Trump can tweet almost anything he wants

As far as the rules on how to behave on Twitter go, only the US president gets a pardon.

Terry Collins Staff Reporter, CNET News
Terry writes about social networking giants and legal issues in Silicon Valley for CNET News. He joined CNET News from the Associated Press, where he spent the six years covering major breaking news in the San Francisco Bay Area. Before the AP, Terry worked at the Star Tribune in Minneapolis and the Kansas City Star. Terry's a native of Chicago.
Terry Collins
3 min read
Jaap Arriens, NurPhoto via Getty Images

When it comes to Twitter's rules of behavior, Donald Trump gets a pass.

Twitter said as much on Monday, defending its reasons for not removing the president's tweets over the weekend that North Korea interpreted as a "declaration of war."

"Some of you have been asking why we haven't taken down the tweet" that heightened tensions with North Korea, the company began in a tweetstorm. "We hold all accounts to the same rules, and consider a number of factors when assessing whether tweets violate our rules. Among the considerations is 'newsworthiness' and whether a tweet is of public interest.'"

In short, the president's tweets get special treatment despite Twitter saying two months ago that Trump's account gets no special treatment just because he's the leader of the free world. Note: Trump tweets from his personal account, rather than the official @Potus Twitter handle.

"The rules are the rules, we enforce them the same way for everybody," the company's head of trust and safety, Del Harvey, told journalists in July. Except -- not really. And that's angered and troubled a number of observers, who say Trump's role as head of the free world could encourage some of his 39.3 million followers to engage in abusive behavior of their own.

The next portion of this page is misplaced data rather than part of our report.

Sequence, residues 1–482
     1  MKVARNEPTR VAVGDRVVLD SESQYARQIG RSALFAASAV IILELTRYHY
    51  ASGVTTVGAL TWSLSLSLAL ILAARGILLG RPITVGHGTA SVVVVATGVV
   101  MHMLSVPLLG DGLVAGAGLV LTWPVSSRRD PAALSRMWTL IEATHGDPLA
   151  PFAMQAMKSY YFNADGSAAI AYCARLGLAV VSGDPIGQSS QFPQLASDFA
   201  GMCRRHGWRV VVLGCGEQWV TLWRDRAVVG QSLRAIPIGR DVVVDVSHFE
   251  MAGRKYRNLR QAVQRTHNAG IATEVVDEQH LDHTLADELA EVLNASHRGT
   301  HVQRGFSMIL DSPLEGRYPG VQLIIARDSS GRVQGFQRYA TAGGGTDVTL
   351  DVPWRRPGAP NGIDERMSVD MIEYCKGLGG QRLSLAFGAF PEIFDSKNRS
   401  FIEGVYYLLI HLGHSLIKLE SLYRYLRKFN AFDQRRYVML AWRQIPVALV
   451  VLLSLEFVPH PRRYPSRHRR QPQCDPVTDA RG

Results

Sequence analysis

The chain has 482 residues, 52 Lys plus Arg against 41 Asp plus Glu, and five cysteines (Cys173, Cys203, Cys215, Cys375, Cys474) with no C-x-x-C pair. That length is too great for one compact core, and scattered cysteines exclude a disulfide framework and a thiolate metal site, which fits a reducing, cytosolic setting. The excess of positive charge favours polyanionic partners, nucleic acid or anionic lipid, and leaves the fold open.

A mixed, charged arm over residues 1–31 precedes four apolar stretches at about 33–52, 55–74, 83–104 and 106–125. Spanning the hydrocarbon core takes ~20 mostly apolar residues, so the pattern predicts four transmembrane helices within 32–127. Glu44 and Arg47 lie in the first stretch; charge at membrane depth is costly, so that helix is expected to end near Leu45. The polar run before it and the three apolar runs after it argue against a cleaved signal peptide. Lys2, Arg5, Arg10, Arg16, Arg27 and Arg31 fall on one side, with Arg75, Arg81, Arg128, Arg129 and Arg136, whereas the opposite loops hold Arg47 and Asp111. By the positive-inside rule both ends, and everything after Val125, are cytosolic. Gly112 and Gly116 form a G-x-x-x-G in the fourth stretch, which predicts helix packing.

"Presidents have a bully pulpit like few have," said Karen North, head of the University of Southern California's digital social-media program, who thinks many of Trump's tweets push the First Amendment to the edge.

"Part of the issue is we think the standard should be higher for the president, and it's jarring when we see a president say something that we feel violates our social norms and people look for a way to criticize it," she added.

So where does that leave the rest of Twitter's more than 328 million users? Do we know how far is too far? Twitter won't say how many people it's banned from its 11-year-old service, but a few high-profile users show how it's possible to go a bridge too far.

Rapper Azealia Banks was suspended for racist and homophobic comments last year directed at pop star Zayn Malik. Also in 2016, conservative provocateur Milo Yiannopoulos was banned for leveling racist and misogynist tweets at comedian Leslie Jones, prompting many of his followers to do the same.  

Twitter says it's been making progress removing abusive behavior. It's clamping down on 10 times as many abusive tweeters as it did last year. And it said it's limiting "account functionality" or placing suspensions on thousands more abusive accounts each day. But again, it won't share specific numbers.

That's all fine, said Brianna Wu, who hired personal security after Twitter trolls targeted her for speaking out about GamerGate, an online campaign against those who challenged the way women were portrayed in video games. But she'd still like to see Twitter take a more active role with Trump's tweets.

"Their choice not to do anything means more people on all sides of the political spectrum are going to continue that behavior," Wu said. "If they don't step up and take a stand, we're going to see our political standards slide even further off the cliff."

Twitter may not have an alternative, said Roy Gutterman, a free speech professor at Syracuse University. In June, the White House said Trump's tweets are considered "official statements" by the president. The last thing Twitter wants to do is be in the business of censoring "official" government statements.

"Just because he rubs a lot of people the wrong way," Gutterman said, "that shouldn't be grounds to ban him." 

CNET reporter Erin Carson contributed to this story.

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